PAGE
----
MOFFA founding member, Nick Maravell recently attended his last official meeting as a member of the National Organic Standards Board (NOSB) in Stowe, Vermont, as his five-year term comes to an end. Originally appointed by Agriculture Secretary Tom Vilsack, Nick was one of four “farmers/growers” on the 15-member board, which serves as a federal-level advisory body to the National Organic Program (NOP). Technically, he remains in his seat until January 2016.
Over the years, Nick has attempted to represent the interests of organic family farmers. But his job has not always been easy, and many in the organic community have been frustrated by the influence of larger corporate organic interests on the body’s decision-making. Two of the four “farmer/growers” are corporate employees.
At the most recent meeting in Vermont, local farmers demonstrated in favor of the NOSB’s recent policy not to allow the organic label on soilless hydroponics. The USDA has not endorsed this policy and does appear to not prohibit labeling hydroponic food as organic at this time.
In addition, the Board reviewed over 100 “sunset” materials that are exceptions to the normal ban on using synthetics in organic food and farming. About 11 materials were successfully removed from the so-called “National List,” while Nick voted unsuccessfully to remove even more of these synthetics. USDA changed the rules for removing synthetics from the National List while Nick served on the Board. The new rules make it more difficult to remove synthetics. Had the original rules stayed in effect, more synthetics would have been removed at the recent board meeting.
Nick has enjoyed his opportunity to serve the organic community, and he looks forward to devoting his time back to the farm and to continuing his public advocacy for organic food and agriculture.
Maryland Organic Food and Farming Members Mike Tabor and Nick Maravell speak out about how new federal regulations could threaten local farms.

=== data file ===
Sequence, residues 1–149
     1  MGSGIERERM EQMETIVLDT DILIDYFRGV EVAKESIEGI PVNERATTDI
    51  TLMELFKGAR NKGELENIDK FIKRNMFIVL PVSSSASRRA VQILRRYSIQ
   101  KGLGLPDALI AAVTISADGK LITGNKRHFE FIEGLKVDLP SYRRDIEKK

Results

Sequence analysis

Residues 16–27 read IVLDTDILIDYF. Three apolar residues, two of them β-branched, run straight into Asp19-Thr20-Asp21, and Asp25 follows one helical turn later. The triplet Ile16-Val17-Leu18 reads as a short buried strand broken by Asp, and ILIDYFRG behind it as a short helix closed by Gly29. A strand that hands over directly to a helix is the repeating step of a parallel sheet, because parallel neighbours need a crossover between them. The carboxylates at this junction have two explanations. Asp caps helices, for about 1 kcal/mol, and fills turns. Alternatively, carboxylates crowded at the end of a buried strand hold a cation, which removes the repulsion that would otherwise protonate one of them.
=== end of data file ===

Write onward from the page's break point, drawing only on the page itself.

“Each week at farm stands in the Maryland area, we try to explain a peculiar situation to our customers. On the one hand, they want to buy our fresh fruit and vegetables. However, I tell them, that in a few years, these will all be illegal to sell!
Because they have some degree of dirt and bacteria on them. The strawberries for instance, have some trace amount of straw and soil on them. As do the tomatoes, beans and cucumbers. We do rinse them before leaving the farm — but we won’t put them through a disinfectant bath nor pack them in antiseptic plastic containers and put “PLU” labels on them. That’s not what consumers want at a farm market — nor is it something we’ll ever be able to do.
Regulations for a new food law — FSMA, the Food Safety Modernization Act — administered by the FDA are currently in the process of being finalized. Although the act originally had protections for family farmers like myself, we see those being ignored or phased out over time.
Common sense and following the data of recent food safety scares lead us to a very strong conclusion: the further the food travels from the farm to the consumer, the more opportunities it has to become a food safety problem. The current cyclospora food poisoning problem in bagged salads is a good example.
This is one reason why 20 million consumers come to farmers markets like ours and want fresh produce from our fields — preferably grown without pesticides, herbicides or GMO seeds. And sadly, protecting consumers from these synthetic perils is not addressed by FSMA.”